With the appearance of the Russian "Sputnik" in October 1957, student interest was challenged and there was an upsurge in enrollment in engineering and science. Page 17The faculty responded with a proposal to man an "Institute for Science and Technology," where graduate students might concentrate in basic research. The state funded a new building for the Institute in 1959. The federal government created a National Science Foundation to encourage faculty research and to subsidize graduate students of scientific promise. The National Defense Education Act of 1958 encouraged science and language instruction and allowed grants to needy students.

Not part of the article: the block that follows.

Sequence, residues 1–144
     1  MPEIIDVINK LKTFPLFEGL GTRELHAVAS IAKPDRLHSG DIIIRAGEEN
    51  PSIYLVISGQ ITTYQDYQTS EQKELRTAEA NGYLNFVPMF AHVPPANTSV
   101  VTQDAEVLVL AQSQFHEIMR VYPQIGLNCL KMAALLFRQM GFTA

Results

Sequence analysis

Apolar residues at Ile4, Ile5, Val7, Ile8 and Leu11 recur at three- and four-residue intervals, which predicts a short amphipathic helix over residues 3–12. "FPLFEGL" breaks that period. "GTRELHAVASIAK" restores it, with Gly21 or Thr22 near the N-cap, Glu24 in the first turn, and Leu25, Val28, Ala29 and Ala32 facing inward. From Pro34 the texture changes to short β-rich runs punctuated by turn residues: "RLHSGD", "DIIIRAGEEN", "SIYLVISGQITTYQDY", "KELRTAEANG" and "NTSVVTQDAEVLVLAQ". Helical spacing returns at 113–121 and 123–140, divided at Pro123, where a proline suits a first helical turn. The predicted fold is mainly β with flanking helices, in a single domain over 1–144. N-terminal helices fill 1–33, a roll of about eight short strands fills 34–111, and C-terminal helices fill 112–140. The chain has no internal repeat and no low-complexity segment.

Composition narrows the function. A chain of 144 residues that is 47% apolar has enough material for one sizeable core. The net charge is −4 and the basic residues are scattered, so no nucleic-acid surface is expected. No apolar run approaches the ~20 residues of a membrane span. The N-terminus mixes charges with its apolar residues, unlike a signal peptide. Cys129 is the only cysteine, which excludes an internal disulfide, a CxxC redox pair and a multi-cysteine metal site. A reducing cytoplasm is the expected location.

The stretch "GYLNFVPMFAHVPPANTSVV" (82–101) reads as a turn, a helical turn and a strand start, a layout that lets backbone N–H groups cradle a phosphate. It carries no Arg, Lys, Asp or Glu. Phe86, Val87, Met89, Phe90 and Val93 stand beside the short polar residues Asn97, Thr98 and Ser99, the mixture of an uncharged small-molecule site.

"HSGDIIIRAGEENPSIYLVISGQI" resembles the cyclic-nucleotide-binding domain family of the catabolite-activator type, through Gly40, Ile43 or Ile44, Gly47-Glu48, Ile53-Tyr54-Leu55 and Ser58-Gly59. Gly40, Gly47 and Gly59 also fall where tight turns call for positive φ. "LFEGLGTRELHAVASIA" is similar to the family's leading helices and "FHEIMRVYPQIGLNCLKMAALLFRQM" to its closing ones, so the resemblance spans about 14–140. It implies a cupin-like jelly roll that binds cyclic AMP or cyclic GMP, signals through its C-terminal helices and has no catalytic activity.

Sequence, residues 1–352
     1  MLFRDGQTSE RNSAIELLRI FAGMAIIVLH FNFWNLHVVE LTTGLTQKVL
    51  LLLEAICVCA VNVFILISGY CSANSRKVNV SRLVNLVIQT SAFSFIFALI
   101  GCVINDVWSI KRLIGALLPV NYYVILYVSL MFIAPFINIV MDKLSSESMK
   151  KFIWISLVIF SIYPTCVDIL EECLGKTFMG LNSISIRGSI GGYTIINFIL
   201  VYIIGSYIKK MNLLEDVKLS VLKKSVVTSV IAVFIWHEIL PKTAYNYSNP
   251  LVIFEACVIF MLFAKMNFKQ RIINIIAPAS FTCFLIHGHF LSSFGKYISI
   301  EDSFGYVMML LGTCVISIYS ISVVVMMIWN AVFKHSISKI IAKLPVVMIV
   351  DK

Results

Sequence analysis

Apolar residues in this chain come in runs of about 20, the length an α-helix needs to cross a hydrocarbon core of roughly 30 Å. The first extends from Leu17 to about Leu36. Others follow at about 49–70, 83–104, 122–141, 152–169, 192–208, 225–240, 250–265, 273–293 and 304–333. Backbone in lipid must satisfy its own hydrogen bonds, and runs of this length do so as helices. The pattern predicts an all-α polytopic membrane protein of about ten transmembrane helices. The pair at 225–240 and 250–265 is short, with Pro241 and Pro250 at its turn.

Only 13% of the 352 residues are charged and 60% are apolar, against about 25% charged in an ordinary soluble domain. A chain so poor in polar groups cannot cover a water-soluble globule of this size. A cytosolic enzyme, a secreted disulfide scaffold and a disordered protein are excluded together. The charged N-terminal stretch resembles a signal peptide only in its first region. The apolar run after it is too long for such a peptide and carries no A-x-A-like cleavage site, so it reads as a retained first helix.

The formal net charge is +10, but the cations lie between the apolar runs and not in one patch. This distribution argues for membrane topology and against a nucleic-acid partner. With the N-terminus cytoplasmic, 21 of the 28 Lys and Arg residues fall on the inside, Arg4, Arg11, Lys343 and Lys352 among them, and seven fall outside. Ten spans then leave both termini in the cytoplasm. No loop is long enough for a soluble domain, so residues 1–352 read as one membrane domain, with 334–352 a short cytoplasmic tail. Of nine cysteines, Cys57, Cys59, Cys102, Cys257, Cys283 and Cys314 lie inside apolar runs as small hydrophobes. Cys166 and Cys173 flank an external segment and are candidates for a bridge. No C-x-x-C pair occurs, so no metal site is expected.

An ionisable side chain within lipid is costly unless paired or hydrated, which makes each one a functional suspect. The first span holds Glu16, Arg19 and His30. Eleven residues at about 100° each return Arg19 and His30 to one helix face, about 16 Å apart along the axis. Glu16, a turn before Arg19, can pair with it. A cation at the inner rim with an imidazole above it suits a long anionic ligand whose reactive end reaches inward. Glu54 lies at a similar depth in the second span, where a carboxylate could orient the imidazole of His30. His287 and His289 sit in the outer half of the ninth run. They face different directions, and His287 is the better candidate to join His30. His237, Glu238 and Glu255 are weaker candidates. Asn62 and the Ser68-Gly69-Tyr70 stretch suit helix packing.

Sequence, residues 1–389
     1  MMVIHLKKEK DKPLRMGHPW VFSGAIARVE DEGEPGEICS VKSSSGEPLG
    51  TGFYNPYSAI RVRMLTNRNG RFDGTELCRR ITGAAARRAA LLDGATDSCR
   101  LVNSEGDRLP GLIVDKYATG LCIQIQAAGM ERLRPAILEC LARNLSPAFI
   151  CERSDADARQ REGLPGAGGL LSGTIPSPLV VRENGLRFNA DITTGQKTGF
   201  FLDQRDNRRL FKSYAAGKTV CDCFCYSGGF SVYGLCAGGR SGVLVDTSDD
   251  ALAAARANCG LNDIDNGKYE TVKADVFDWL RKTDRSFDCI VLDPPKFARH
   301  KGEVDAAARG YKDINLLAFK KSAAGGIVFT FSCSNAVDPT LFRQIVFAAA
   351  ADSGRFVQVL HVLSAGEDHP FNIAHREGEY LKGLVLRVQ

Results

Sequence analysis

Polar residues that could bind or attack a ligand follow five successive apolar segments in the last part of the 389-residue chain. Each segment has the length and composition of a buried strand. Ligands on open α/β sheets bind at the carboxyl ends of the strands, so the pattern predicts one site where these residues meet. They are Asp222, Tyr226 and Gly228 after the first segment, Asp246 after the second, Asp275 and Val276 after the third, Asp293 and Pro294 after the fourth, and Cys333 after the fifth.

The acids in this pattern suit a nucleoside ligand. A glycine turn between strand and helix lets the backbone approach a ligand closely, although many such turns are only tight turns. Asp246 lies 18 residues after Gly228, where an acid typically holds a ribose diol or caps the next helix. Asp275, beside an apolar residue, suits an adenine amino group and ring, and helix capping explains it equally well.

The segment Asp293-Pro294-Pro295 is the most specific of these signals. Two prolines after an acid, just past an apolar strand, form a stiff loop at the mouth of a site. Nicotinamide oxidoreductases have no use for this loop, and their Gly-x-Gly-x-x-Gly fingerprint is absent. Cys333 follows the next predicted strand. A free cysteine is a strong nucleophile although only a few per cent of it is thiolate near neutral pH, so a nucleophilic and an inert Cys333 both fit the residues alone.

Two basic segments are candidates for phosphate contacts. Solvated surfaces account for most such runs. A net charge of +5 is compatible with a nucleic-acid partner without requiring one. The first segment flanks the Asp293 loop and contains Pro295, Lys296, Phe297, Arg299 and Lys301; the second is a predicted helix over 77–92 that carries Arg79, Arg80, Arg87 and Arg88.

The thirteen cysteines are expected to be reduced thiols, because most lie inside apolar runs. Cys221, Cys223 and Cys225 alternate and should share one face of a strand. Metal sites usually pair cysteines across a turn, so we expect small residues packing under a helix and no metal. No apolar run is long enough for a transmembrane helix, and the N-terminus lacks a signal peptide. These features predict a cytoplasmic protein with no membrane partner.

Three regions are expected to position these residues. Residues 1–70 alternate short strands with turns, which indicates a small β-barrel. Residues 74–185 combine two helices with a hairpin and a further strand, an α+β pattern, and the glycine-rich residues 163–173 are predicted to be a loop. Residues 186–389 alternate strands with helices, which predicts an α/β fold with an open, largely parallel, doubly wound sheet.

By 1961-62 students were rebelling at obsolete rules of conduct and their implication of immaturity. Dissatisfaction centered on such things as the ban on automobiles, restrictive hours for co-eds, and the authority of the offices of the Dean of Men and Women. To meet this growing rebellion Hatcher appointed a commission, under John Reed of the Law School, to review the philosophy of student policy. After a long study, the commission, in February 1962, recommended restructuring the office of Vice-President for Student Affairs to serve only the financial and housing needs and the organized activities of the student body. Union and League activities were to be combined under a University Activities Center. It was also suggested that students be appointed to serve on certain University committees. Enrollment had grown so large that the administration was forced to modify its position in loco parentis and to adopt the more sophisticated attitude of European universities toward student behavior outside the classroom. The offices of the Dean of Men and the Dean of Women were abolished.